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Cleveland Clinic’s chief executive, Dr. Toby Cosgrove, is retiring from one of the most influential health systems in the country in January. His imminent departure come at a time when hospitals are contending with an array of financial pressures, including rising pharmaceutical costs and government reimbursements that don’t cover costs.

Last year, the clinic saw its operating income drop 71 percent, from $480 million to $139 million. Cosgrove sat down with STAT recently to discuss the challenges behind those numbers, and what should be done to address them. This interview is lightly edited for clarity.


How is the clinic’s patient population changing, and how is that change affecting your underlying finances?

We are seeing increasing movement toward Medicare and Medicaid, which now accounts for 62 percent of our patient volume, going up about one or two percent a year. So as that goes up and private pay goes down, we lose money on every Medicare and Medicaid patient.

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  • Pharma manufacturing is horrendously inefficient. Lack of economies of scale and lack of best processing methods contribute to the situation. There is no incentive to improve as the patients will pay the highest price. Regulations along with consternation of the internal regulators is significant interference for any and every improvement.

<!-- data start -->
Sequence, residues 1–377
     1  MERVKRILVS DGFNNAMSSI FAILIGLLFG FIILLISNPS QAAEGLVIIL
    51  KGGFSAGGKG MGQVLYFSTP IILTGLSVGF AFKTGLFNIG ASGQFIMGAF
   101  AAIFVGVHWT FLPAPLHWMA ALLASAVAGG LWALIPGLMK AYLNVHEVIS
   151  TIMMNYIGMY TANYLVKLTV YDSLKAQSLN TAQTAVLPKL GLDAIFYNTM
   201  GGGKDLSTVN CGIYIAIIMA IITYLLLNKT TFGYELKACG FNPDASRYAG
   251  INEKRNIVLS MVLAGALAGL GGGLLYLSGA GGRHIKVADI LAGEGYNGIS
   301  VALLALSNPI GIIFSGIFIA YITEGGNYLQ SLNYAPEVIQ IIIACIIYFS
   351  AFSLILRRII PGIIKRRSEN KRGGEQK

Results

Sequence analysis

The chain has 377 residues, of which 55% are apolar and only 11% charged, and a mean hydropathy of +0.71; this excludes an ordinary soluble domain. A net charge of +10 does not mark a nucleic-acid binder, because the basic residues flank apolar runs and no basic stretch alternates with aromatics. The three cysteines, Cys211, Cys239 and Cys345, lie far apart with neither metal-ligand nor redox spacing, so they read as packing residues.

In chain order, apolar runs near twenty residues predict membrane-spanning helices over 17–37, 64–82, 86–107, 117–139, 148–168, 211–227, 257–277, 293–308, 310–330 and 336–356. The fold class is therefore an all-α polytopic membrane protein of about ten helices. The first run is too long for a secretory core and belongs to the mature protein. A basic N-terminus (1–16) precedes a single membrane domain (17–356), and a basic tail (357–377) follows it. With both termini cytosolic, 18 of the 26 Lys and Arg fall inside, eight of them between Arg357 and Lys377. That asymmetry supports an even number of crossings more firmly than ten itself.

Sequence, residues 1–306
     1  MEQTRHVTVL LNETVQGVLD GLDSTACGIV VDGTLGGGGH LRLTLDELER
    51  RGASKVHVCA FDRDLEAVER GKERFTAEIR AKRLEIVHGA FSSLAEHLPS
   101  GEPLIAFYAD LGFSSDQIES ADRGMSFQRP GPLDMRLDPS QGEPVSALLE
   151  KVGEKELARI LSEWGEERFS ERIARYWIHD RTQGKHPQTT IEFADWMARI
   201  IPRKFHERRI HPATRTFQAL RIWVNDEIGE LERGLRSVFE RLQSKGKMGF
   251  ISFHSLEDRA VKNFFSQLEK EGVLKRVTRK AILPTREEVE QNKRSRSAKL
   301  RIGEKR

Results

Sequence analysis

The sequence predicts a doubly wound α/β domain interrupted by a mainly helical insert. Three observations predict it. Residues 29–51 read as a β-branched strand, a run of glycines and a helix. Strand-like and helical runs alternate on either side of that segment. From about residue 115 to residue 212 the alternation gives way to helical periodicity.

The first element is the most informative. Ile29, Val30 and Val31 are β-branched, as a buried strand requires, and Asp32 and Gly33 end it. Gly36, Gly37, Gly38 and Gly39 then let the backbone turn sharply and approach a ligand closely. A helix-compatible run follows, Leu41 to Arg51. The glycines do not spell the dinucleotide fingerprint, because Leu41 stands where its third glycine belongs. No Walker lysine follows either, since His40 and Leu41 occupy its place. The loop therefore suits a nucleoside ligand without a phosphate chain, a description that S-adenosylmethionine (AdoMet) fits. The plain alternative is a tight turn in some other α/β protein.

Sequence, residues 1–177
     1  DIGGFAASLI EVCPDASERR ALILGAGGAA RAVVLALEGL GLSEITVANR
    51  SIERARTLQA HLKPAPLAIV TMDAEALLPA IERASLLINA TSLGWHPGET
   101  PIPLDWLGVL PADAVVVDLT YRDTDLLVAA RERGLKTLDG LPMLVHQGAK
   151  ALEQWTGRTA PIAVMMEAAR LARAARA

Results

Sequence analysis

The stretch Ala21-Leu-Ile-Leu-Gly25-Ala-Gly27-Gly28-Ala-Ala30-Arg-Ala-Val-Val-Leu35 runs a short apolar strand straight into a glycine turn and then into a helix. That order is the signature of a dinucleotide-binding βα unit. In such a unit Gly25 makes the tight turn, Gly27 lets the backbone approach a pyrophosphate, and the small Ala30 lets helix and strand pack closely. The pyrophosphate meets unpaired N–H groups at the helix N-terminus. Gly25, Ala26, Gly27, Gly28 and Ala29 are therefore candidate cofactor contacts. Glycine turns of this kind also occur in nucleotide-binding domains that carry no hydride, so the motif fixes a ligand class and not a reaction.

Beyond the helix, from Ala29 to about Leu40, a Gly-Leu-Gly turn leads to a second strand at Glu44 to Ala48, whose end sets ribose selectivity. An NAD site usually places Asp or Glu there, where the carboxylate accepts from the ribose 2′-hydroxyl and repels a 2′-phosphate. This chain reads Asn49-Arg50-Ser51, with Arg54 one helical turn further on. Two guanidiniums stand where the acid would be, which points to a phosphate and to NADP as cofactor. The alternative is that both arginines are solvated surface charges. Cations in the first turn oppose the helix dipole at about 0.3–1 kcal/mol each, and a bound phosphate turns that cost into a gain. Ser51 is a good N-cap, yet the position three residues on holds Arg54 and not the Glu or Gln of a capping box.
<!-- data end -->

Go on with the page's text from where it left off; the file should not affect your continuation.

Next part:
There are ways and means but when profits are being made with the least efficient methods why improve and make drugs affordable.

    Affordability will raise revenues and profits but the focus of big ten is to make monies with new drugs rather than make drugs affordable. Some how laws of economics do not apply to pharma companies.

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